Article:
Goodhue County wind project gets one more chance

The state is giving a troubled southeastern Minnesota wind farm project one more chance to show it can actually build some wind turbines. The project has been controversial since it was first proposed four years ago.

The design calls for 48 turbines on about 50 square miles of land in Goodhue County. It was originally proposed by billionaire T. Boone Pickens, but the project has undergone ownership changes and faced determined opposition from neighbors. Xcel Energy is now suing to get out of an agreement to buy power from the wind farm.

All the parties brought their claims to members of the Public Utilities Commission. Commission chair Beverly Jones Heydinger repeatedly expressed her frustration to attorney Todd Guerrero representing New Era Wind that the company has been less than forthcoming with needed information.

"Your client did not give us an in-service date. Your client gave us no assurances on any other questions that related to progress toward construction," Heydinger said. "Your client gave us no assurance he stood behind the certificate of need application or the permit application, and moreover whether it was capable of going forward with this project as it was permitted."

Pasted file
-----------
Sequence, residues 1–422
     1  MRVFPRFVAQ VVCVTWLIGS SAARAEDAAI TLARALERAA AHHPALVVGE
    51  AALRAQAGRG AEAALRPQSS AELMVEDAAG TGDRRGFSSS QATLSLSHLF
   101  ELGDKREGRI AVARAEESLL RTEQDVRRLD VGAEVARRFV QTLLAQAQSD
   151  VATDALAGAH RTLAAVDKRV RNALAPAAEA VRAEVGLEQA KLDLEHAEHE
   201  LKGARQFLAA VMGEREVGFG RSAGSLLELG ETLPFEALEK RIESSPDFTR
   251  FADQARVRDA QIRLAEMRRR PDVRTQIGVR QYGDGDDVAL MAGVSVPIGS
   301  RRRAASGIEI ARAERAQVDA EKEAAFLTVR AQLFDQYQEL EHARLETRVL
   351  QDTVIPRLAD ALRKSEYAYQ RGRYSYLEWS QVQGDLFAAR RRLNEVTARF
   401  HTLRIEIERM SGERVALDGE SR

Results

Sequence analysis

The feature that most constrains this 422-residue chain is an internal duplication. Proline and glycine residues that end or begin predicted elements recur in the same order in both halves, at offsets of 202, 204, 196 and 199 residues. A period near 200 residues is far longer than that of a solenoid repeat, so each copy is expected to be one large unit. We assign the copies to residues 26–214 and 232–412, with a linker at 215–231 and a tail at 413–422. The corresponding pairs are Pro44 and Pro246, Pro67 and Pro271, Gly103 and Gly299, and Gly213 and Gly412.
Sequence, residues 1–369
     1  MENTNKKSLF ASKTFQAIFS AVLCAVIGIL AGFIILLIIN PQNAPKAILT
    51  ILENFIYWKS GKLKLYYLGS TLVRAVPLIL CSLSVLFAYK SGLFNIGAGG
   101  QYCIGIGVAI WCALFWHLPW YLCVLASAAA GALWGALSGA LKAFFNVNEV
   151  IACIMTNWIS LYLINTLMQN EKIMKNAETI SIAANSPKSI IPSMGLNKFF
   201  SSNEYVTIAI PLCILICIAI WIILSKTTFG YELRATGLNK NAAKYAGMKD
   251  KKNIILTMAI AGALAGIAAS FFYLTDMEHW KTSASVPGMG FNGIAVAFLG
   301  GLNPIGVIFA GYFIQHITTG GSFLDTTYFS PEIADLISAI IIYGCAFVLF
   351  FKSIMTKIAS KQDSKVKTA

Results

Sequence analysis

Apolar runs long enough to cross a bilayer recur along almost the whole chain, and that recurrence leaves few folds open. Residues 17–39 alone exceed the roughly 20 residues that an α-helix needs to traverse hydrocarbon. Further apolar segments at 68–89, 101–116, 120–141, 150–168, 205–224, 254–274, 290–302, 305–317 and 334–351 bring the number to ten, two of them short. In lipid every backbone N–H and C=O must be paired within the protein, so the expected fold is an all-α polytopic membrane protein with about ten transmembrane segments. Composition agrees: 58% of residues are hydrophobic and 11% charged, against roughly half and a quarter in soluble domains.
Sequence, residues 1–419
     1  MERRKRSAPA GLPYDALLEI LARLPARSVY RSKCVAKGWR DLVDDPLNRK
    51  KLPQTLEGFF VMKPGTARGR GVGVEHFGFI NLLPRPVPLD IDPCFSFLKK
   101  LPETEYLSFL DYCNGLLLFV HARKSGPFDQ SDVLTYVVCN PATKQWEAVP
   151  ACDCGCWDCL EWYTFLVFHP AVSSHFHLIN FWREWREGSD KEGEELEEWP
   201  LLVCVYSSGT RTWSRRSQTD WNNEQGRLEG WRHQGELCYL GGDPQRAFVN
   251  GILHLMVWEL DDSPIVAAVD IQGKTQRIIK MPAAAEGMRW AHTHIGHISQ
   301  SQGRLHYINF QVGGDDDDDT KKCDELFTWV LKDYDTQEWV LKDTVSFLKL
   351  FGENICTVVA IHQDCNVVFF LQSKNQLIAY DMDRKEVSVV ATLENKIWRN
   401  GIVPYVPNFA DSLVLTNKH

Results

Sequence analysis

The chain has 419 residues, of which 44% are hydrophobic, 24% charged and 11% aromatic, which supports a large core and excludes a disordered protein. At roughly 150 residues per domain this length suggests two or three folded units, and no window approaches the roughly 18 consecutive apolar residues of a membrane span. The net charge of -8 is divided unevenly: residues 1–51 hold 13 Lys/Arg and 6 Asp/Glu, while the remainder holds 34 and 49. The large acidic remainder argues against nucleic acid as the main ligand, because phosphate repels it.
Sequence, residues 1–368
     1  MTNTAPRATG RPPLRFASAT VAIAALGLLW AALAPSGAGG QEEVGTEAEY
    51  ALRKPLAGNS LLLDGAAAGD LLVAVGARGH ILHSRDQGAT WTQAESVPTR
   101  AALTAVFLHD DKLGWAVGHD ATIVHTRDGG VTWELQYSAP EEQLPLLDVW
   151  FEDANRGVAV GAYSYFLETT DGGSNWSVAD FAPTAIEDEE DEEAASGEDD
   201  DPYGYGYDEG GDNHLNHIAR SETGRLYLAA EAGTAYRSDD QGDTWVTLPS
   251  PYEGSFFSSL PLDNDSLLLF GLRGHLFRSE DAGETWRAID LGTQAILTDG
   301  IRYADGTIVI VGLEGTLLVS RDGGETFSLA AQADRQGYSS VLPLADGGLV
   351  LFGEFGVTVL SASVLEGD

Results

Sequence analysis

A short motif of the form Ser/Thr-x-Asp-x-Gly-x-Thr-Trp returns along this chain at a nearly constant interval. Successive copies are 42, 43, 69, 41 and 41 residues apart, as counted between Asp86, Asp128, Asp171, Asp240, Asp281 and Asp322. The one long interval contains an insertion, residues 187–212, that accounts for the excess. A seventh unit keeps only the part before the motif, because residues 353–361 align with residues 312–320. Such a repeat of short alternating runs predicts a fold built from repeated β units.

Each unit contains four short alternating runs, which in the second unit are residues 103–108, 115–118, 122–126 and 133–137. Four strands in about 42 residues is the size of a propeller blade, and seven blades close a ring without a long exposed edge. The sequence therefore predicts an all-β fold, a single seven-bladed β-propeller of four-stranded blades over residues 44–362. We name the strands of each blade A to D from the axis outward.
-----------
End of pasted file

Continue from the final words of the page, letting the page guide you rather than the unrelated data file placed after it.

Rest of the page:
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Guerrero has only represented New Era Wind since Tuesday. That's because Xcel Energy's lawsuit created a conflict for previous attorneys. Guerrero asked for a two-week delay to become familiar with the case, but the PUC refused.

Guerrero says that decision further hinders the project, which he says the company still wants to build.


"They've spent more than $15 million trying to build a wind farm in Goodhue County, to do what the priority of the state says we should be doing: creating green jobs, green investment, green tax base," Guerrero said.

Public utilities commissioners say that New Era Wind owner, Peter Mastic, a project developer from Reno, Nev., has not responded to community concerns about possible impacts on wildlife. The PUC rejected a company plan to protect eagles and bats from the turbines.

The commission spent hours discussing complications arising from the project's ownership change. There was disagreement as to whether three key approvals granted to the earlier owners were appropriately transferred to the new owners. One is the all-important certificate of need, which is required for all power projects. The second is a site permit, and the third is status as a community-based wind project, which confers certain financial benefits.

New Era Wind now has two weeks to either surrender its site permit or show the PUC it will begin construction by Aug. 23. A further complication is that the project needs to complete an approved plan to protect birds and bats from the windmills, before it can start construction. If New Era Wind fails to do either, the PUC says it will revoke the permit.

Critics of the wind project could not be reached in time for this story.